Synonyms.—Spasmodic Croup; Laryngismus Stridulus; Spasm of the Larynx.
Definition.—A disease of the larynx occurring in neurotic individuals, usually in children from six months to six years old, though occasionally in the adult.
Rickets predispose to this affection, and, in those susceptible, the disease may arise as a reflex disturbance from intestinal parasites, from dentition, from irritation of the prepuce, from indigestion, or it may arise from the. ordinary causes that give rise to croup, cold being the most common. In rare cases the disease, a spasmodic contraction of the adductor muscles of the larynx is due to emotional excitement.
Pathology.—Soon after a severe attack, the mucous membrane becomes congested and swollen, which continuing the spasmodic action of the intrinsic muscles, may result in inflammation. Edema of the glottis and neighboring tissues is not uncommon.
Symptoms.—The disease usually comes on suddenly, the child being aroused from sleep with a start, there being great difficulty in breathing. The child has a hoarse, croupal cough, the voice soon sinks to a whisper, and the breathing becomes shrill and stridulous. Spasm of the glottis occurs, the child becomes cyanotic, and for several seconds holds his breath; this is followed by relaxation of the spasm, when the child utters a shrill, piping cry. In a few minutes relief is experienced, and the child drops to sleep, the breathing being comparatively easy. After a short period the child is again awakened by another paroxysm, and a repetition of the first attack occurs: thus the disease is made up of paroxysms and remissions.
During the remissions the skin is moist and the pulse regular, showing an absence of inflammatory symptoms. These attacks follow two or three nights in succession.
At other times the child will be attacked suddenly with difficult breathing, there being no cough or hoarseness. These attacks terminate in a high-pitched crowing inspiration. They may occur during the day as well as at night. During an attack, the child's face becomes livid and anxious, and in rare cases convulsions occur. Occasionally it proves fatal, the child choking to death.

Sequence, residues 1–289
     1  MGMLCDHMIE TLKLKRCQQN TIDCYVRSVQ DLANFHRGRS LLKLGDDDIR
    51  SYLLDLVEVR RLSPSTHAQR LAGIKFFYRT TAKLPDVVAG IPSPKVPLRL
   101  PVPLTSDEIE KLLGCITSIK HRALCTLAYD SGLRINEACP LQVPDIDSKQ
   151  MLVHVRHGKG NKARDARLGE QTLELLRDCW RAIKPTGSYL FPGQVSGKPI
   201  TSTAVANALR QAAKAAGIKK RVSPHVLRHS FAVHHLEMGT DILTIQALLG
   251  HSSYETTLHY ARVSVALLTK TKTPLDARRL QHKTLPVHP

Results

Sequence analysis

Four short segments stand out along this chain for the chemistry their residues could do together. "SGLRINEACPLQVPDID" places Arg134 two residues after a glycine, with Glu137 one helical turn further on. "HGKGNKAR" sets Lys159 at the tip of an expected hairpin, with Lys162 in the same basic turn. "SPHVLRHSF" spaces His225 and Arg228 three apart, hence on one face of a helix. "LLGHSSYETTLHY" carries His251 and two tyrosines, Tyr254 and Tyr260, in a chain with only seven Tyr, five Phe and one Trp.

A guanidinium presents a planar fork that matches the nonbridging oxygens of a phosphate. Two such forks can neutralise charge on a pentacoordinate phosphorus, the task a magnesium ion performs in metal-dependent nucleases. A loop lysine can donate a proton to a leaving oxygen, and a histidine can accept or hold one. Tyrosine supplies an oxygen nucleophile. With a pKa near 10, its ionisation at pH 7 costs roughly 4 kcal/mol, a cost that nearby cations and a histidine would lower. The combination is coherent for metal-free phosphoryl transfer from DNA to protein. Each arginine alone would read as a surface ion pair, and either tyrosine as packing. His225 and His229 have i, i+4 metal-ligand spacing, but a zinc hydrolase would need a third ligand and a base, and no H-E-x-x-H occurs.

Diagnosis.—We diagnose spasmodic croup by an absence of inflammatory symptoms, the dry, sibilant respiration, the shrill, piping cry, the absence of the mucous rattle, and the spasmodic character of the attack.
Prognosis.—Although a severe attack presents a frightful picture, the disease very rarely terminates fatally.
Treatment.—The remedies for spasmodic croup will form the basis for laryngitis stridulus in the older patient. If the disease is not very severe, drop doses of stillingia liniment on sugar every ten or twenty minutes, and an application of the same rubbed over the larynx every hour, will often be the only remedy needed. When very severe, the compound tincture of lobelia and sanguinaria (King's acetous emetic tincture) may be given every ten, twenty, or thirty minutes, till relaxation is produced. It is not necessary to produce emesis.
A flannel cloth wrung out of hot water and applied to the throat, and a dry binder covering the wet one, will assist greatly in producing relaxation. Should the child be unable to get its breath, insert the finger into the larynx and hook up the epiglottis.
In addition to the above treatment, inhalations of steam from hops, tansy, or lime-water should be used. An ordinary teapot may be used, to the spout of which may be attached a short piece of hose and conveyed to the face of the child.
Intubation or tracheotomy should be resorted to only in extreme cases, and where the patient's life is threatened.
After the attack is over, the case should be thoroughly examined to ascertain the exciting cause. When due to reflex disturbance, we may expect a return of the disease unless the exciting cause be removed; hence any wrongs of the stomach, digestion, or of the bowels, parasites, hemorrhoids, or other rectal troubles, or wrongs of the reproductive apparatus, should be corrected.
Spasmodic croup is often distinctly periodic, when quinine should be administered. For the hoarseness, that sometimes continues for several days, stillingia liniment or potassium bichromate, the second or third trituration, will usually be all that is required.
The Eclectic Practice of Medicine, 1907, was written by Rolla L. Thomas, M. S., M. D.